Asia needs to take events in US more seriously, he says
THE United States could face a consumer-induced recession next year, which will also hit Asian economies, said Morgan Stanley's chairman for Asia, Stephen Roach.
Speaking at the World Knowledge Forum in Seoul, Mr Roach - well known for his bearish views - presented what he called a 'decidedly sub-prime outlook' for the US economy.
The so-called sub-prime mortgage crisis is 'the tip of a much bigger iceberg', he said. It has started to hit the American consumer.
Mr Roach, who has long predicted a US economic slowdown, pointed out that the US consumer is facing the toughest times in 30 years, and the impact on the economy could be acute.
He noted that in the first half of this year, US consumption accounted for a record 72 per cent of GDP, or about US$9.5 trillion.
'The US consumer is about to take a long rest,' he said, 'and if the US consumer goes, there's nobody on the demand side who can fill the void.' Even China's total consumption is only about one-ninth that of the US, he noted.
Mr Roach suggested that the US consumer is at risk because the consumption binge of the last seven years has been underpinned, not so much by rising incomes but by a wealth effect which has, in turn, been driven by 'an extraordinary property market'.
In short, 'the US consumer has turned his home into an ATM machine', he added.
But now, with the US property bubble deflating, the wealth effect, based on rising home values, 'is over, is done, is finished'.
In fact, next year, home prices for the whole of the US could decline for the first time in history, he predicted, which would severely diminish US consumers' ability to extract equity from their homes.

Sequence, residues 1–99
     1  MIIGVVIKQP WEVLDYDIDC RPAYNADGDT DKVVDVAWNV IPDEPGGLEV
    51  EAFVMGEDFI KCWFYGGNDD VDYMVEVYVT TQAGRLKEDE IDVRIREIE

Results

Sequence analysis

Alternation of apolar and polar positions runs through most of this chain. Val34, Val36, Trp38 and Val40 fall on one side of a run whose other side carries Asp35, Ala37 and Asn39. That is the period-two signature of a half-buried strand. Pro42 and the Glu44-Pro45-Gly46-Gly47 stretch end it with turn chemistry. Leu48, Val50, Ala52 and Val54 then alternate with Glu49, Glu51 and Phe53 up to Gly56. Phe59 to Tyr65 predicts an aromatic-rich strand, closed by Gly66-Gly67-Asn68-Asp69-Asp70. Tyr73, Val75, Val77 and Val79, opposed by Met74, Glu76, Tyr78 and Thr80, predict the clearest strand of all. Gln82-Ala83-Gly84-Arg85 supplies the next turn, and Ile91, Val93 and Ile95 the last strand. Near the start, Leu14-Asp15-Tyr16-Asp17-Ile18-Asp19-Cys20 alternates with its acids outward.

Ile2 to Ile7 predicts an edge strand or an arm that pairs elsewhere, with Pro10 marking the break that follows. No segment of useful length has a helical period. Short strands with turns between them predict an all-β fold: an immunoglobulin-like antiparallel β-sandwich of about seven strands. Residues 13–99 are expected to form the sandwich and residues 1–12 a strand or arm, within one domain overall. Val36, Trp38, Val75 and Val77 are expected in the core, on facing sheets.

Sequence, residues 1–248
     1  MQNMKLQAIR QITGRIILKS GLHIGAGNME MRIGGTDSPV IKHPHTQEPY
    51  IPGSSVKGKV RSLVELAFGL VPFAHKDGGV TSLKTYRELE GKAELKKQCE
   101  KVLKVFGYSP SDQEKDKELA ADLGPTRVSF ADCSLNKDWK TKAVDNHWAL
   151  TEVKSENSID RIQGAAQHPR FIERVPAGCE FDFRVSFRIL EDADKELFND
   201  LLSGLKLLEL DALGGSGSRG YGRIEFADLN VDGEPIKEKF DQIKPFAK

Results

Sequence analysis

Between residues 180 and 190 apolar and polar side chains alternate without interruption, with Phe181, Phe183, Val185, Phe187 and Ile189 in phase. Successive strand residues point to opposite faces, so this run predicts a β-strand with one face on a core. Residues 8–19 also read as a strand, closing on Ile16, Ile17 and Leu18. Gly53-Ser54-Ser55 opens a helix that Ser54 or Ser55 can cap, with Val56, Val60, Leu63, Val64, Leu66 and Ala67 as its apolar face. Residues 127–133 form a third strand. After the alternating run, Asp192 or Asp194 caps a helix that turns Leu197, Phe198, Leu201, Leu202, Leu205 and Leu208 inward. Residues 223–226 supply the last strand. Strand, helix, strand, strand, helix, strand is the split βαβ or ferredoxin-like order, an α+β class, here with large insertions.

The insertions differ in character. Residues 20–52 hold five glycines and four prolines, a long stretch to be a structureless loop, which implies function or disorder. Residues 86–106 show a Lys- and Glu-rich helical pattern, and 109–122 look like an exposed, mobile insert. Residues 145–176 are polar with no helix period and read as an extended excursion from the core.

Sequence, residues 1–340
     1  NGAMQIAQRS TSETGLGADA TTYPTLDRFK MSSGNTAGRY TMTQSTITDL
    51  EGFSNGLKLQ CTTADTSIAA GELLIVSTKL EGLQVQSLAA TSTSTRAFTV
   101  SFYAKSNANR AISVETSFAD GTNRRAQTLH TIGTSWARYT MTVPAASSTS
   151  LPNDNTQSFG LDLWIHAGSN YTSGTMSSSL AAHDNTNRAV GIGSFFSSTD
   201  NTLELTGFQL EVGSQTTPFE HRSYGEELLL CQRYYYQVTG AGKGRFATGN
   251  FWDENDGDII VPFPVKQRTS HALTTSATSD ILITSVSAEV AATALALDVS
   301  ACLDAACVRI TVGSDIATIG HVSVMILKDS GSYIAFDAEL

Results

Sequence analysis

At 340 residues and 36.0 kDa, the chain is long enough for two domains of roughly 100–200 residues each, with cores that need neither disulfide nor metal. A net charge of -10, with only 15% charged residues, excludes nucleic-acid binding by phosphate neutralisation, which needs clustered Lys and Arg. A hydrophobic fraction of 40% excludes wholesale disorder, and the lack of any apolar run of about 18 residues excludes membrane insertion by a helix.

In the face of this, Mr Roach said that the risk of recession 'is quite high'.
Although sub-prime mortgage assets account for only 14 per cent of all securitised assets, the sub-prime crisis has already spread.
Moreover, 'the big story gets written in the real economy, not in the financial markets', he said.
And worth noting here, he added, is that US consumption is about five times the size of US capital spending, which triggered the US recession of 2001.
Mr Roach, who is based in Hong Kong, said that Asia needs to take developments in the US more seriously.
'What's worrying is a complacency in Asian markets, based on a belief that Asia has 'decoupled' from the US,' he pointed out.
But the decoupling thesis is fanciful, he said, noting that the US absorbs 21 per cent of China's exports, 22.5 per cent of Japan's and about 14 per cent of Asean's. 'If the US consumer goes down, Asia will feel it,' he said.